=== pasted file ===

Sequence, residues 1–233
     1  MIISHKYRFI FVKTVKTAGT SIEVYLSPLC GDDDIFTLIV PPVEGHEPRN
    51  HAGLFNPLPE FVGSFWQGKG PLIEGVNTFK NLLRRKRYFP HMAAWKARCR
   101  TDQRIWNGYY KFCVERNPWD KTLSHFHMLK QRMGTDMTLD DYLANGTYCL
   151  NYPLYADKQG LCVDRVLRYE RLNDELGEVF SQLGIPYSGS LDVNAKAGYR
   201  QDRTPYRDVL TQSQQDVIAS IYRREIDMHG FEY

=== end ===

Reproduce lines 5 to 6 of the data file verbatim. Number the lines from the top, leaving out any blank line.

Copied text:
   151  NYPLYADKQG LCVDRVLRYE RLNDELGEVF SQLGIPYSGS LDVNAKAGYR
   201  QDRTPYRDVL TQSQQDVIAS IYRREIDMHG FEY